When you’re just starting out in the world of entrepreneurship, you want your first business idea to be something relatively safe. It’s no good striking out with that incredibly innovative idea if you don’t have a proven track record; investors won’t trust that you can bring them a return on their money and you’ll be back to square one. While innovation is key to your overall business growth, it doesn’t have to be the basis of your initial idea. Here are 10 great ideas you can use for your first business venture.
1. Loan provision
As long as you have the relevant certification and you’ve gone through the necessary financial checks, you can provide loans to pretty much anyone you want. If you’ve got money to provide and you don’t mind the risk that comes with being a loan company, this can be a nice, straightforward way to start a business. There can be good profit potential in online personal loans, because people will always need them and will thus always need a reputable provider to help them.
You’ve almost certainly got a skill that will be in demand for tutoring purposes. Even if you speak fluent English and you don’t have any other real skills, this can be something that people want; teaching English as a foreign language is a hugely in-demand skill. You don’t necessarily need qualifications to do so if you’re teaching on a one-to-one basis, but if you’re going to enter a school, you will need the relevant qualifications. However, as an entrepreneur, your business is likely to be one-to-one, at least at first.
3. Web development
To be a web developer, you need an eye for detail and a willingness to learn. Contrary to popular belief, you actually don’t need to be an IT wizard, at least not to begin with; you’ll learn those skills as you do the job. Companies are always looking for skilled web developers to help them create and maintain websites, so your work will always be in demand if you choose this path. As you learn and grow, you’ll likely attract more and more prominent contracts, too, making this path ideal for growth.
Just like web development, there’s no shortage of customers who are demanding high-quality DIY work for their properties. Whether it’s fixing furniture, laying down paving slabs in gardens, or any other manual work that people don’t have the skill to do themselves, you’ll always find customers willing to pay for your services if you base your business around DIY. Obviously, you’ll need to work to a high standard; there’s no point in hiring external help if the job won’t be done professionally.
5. Personal training
Do you have a passion for fitness? Are you often in the gym during non-work hours, sweating it out and feeling like you could help everyone else supercharge their workouts? Personal training could be the perfect job for you. Of course, you’ll need a high level of emotional intelligence as well as physical fitness; many people are self-conscious when they begin training, and you’re here to help them, not put them through boot camp. You may also need qualifications depending on where you’re based.
6. Freelance writing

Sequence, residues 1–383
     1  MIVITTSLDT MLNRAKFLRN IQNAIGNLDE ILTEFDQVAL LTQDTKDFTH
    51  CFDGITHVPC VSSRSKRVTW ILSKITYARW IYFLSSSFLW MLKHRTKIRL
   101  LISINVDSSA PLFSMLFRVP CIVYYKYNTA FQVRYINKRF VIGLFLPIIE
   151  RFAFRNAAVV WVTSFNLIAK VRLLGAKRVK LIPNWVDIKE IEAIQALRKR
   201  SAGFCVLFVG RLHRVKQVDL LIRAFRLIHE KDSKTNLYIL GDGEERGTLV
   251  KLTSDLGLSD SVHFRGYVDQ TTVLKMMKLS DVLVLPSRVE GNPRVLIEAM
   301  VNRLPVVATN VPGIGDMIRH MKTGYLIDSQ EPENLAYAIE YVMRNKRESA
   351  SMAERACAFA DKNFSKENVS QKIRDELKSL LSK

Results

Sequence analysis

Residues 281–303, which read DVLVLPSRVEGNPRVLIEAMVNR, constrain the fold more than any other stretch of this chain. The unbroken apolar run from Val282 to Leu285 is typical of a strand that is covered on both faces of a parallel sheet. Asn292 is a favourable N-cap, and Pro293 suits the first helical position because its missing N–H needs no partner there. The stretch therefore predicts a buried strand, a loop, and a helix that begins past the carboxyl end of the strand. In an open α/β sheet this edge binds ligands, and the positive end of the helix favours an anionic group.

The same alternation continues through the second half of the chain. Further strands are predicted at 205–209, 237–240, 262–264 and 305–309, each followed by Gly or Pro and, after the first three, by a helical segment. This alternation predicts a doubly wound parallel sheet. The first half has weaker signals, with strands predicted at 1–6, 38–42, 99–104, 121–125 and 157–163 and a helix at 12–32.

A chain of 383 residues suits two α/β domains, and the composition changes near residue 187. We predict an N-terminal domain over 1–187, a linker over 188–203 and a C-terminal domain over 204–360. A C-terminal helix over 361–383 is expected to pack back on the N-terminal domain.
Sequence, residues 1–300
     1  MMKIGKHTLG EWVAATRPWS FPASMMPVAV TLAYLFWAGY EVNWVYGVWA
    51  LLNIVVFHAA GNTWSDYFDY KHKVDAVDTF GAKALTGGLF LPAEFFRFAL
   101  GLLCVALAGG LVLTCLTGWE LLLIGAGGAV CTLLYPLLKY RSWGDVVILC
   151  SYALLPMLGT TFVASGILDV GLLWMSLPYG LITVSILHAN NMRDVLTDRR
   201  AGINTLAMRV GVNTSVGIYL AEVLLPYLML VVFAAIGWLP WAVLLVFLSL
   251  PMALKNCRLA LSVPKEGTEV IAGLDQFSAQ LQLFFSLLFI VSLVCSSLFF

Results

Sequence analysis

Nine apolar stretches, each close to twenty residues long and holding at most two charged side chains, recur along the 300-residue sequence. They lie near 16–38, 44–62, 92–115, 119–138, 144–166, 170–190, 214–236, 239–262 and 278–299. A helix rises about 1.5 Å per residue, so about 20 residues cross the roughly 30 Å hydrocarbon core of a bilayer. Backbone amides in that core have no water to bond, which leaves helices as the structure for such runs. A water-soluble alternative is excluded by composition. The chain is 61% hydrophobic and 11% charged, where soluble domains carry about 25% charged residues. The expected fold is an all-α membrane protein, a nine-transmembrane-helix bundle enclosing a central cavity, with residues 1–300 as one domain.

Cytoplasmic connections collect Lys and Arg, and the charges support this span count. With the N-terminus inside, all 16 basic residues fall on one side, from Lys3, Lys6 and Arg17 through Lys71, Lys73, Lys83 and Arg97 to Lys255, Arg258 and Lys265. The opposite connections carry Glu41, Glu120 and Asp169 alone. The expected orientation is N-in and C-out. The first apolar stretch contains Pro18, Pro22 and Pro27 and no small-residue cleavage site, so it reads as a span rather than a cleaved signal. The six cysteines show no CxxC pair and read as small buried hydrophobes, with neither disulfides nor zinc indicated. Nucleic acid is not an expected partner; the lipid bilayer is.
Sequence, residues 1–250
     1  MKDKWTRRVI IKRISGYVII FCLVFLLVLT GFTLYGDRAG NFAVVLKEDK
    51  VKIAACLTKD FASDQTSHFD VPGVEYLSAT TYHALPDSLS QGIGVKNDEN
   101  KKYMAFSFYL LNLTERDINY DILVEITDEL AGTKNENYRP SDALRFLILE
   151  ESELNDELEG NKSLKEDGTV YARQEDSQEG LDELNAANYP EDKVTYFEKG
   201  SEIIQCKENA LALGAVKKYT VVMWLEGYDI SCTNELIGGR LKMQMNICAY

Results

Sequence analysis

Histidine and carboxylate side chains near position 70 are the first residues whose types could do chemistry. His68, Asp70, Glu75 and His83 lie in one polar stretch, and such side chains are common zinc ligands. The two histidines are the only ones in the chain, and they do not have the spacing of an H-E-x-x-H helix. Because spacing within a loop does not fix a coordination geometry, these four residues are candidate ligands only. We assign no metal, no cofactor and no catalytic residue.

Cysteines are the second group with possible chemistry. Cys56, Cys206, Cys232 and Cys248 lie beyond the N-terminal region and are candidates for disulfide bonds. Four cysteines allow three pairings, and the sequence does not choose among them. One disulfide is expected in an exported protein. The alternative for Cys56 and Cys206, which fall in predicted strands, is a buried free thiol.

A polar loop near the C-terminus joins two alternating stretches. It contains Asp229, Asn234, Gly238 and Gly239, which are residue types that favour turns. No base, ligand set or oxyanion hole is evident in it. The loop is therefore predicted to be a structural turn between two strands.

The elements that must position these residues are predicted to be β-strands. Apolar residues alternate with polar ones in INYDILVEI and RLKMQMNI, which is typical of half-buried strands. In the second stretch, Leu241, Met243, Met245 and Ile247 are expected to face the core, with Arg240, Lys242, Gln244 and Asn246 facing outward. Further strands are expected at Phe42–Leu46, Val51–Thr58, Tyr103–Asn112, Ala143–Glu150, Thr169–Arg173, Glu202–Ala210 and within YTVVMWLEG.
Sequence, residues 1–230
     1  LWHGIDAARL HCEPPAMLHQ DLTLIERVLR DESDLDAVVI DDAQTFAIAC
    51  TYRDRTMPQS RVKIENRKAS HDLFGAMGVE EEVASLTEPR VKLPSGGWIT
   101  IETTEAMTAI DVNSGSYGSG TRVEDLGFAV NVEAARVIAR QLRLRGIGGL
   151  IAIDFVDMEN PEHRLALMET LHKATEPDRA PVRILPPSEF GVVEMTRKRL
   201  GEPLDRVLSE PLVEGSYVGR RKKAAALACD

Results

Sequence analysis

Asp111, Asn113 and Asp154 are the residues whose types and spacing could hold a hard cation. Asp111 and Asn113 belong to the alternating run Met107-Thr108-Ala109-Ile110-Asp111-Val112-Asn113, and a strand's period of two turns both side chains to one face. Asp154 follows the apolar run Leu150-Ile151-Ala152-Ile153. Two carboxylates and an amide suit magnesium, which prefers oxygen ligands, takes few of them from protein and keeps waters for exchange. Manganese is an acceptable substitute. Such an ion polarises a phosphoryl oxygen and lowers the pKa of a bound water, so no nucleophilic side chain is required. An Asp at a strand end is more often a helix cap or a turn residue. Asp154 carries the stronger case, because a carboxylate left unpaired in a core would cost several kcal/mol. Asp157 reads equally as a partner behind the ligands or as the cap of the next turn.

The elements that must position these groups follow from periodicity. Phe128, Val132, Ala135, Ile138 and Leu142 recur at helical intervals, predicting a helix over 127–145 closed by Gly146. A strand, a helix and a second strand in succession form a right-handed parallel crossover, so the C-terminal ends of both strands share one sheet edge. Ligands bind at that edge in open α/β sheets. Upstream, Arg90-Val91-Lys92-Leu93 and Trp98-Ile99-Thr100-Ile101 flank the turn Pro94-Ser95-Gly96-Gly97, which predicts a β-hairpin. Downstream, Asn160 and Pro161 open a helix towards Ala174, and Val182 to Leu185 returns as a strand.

Depending on your particular niche, you may well find that there’s a lot of demand for freelance writing within your industry. Whether it’s constructing web copy for clients, writing blog posts for brands, or creating SEO-friendly articles for link embeds, there’s almost always work to be done as a writer if you know where to look. You’ll need a healthy portfolio of writing samples to show to clients; businesses can often be very cautious when it comes to hiring freelance writers.
7. CV writing
Many people need help with constructing a CV. You could be the one to help them build the killer resume that gets them hired. You’ll need an intimate knowledge of the language used on CVs, as well as how to maximise a client’s work experience and references to build the best possible picture of them that you can. Formatting will also help; CV writers often don’t just write the document, after all, but also format it and make it look appealing to potential employers.
8. Event planning
How many times have you been to a friend’s wedding and secretly thought “I could do better than that”? If the answer is more than zero, then you should think about becoming a professional event planner. It’s not just weddings; you can also help to plan corporate events and anything else people want to hire you for. As an event planner, you’ll need to have a strong eye for detail, great time management, and, obviously, good planning skills. This is not a business idea for those who struggle with organization.
9. Dog walking
Believe it or not, there are many people out there whose busy schedules simply don’t accommodate dog-walking. Nevertheless, they still love their pets, which is where you come in. You can walk their dogs for a fee, and if you’re comfortable with doing so, you can also look after them on a more long-term basis if necessary (usually over the course of the day). This is a great option for your first business because you don’t need any special qualifications; all you need is a love of animals and an understanding of how to care for them.
10. Social media marketing
This business can be run entirely from home, making it ideal if you’re still not comfortable heading back into the office. Social media marketing is essentially the main method of marketing for most businesses nowadays; while traditional marketing is still very important, it’s taken a backseat to platforms like Instagram and Facebook. You’ll be helping businesses promote themselves via communication with influencers, targeted ad campaigns, and scheduled posts.